There are a whole range of T&Cs attached to the deal, but they will (subject to the device being in original box and in good condition with proof of purchase), refund your full outlay including up to £10 more for the postage cost of sending it to them.  The most important limitation is that you must purchase the device before 30 April 2011 to qualify.

I’m impressed with this kind of no-risk offer, and recommend you consider it.  Full terms are available here and thanks to Mobile Industry Review where I first spotted the deal.  If you do go with the deal, I’d recommend either the 3UK SIM Internet Only SIM Free contract (30 day rolling contract, £5 per month with 2GB of data), or 3UK‘s One Plan to go with it.


Permalink

TomTom make Live HD Traffic data available on desktop

Monday, March 21st, 2011

TomTom are now providing access to their HD Traffic data via a browser, allowing users access to the data without being in the car, and allows potential new customers to see how effective their data is before becoming a customer.  The data is available here, although you’ll need to select your country, and then zoom in to see how accurate it is.  Certainly local to me something seem very accurate, with local rush hour hotspots being picked out (presumably via their link with Vodafone allowing them access to anonymised mobile speed records), although some things (like a 3 month road closure for roadworks) don’t appear.

In the face of stiff competition from the likes of Nokia’s Ovi Maps and Google Maps for Mobile, it’s nice to see TomTom trying new options to support and encourage users.


Permalink

New “mapping revolution” coming?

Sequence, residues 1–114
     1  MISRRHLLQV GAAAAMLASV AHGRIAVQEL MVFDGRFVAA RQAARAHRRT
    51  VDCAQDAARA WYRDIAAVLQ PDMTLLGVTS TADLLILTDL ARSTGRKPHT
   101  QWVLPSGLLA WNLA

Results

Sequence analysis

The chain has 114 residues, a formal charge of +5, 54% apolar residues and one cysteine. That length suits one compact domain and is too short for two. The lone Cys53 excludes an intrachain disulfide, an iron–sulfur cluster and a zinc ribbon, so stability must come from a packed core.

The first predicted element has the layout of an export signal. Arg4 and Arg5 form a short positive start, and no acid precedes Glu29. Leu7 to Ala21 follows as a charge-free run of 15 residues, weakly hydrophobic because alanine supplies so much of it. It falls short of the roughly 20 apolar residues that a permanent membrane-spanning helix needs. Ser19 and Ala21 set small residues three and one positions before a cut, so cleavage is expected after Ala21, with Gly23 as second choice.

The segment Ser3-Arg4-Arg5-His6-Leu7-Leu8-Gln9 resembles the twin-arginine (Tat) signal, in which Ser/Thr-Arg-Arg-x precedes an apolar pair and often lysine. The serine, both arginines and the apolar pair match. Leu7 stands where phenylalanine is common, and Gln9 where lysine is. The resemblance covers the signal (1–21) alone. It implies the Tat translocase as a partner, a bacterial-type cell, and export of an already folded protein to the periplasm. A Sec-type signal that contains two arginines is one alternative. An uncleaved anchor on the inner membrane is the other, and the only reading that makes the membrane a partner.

Wednesday, March 2nd, 2011

Every year a range of hopeful companies launch new products and solutions at the SXSW event in the US, hoping to be the next big thing.  Some successes have come from SXSW, for example, FourSquare.  We’ve been notified of a company who are planning to launch a new mapping solution (designed for mobile phones) that they say “will change the way you think about your location”.  We’ve not much information to go on at the moment (nor whether it will be a US-only service), and there’s a very good chance it will launch as a limited beta (although we understand there’s already an iPhone application due for release to coincide with the launch), but if it does release, and is worthy of further mention, then we’ll provide more information next week.

They provided an additional quote: “it is going to (hopefully) blow away all other mapping apps on your phone… particularly the ol’ google maps.”

Very interesting, and more news next week as it becomes available…


Permalink

Ovi Maps updates

Friday, February 25th, 2011

There have been 3 key Ovi Maps updates in the last week and a bit, and I thought it was worth recapping on all of them.  Firstly, these only apply to the Touch devices, so although other devices such as the Nokia E71 still have free Ovi Maps, it’s not yet clear whether it will ever see these updates, which would be a shame if the elder devices were abandoned.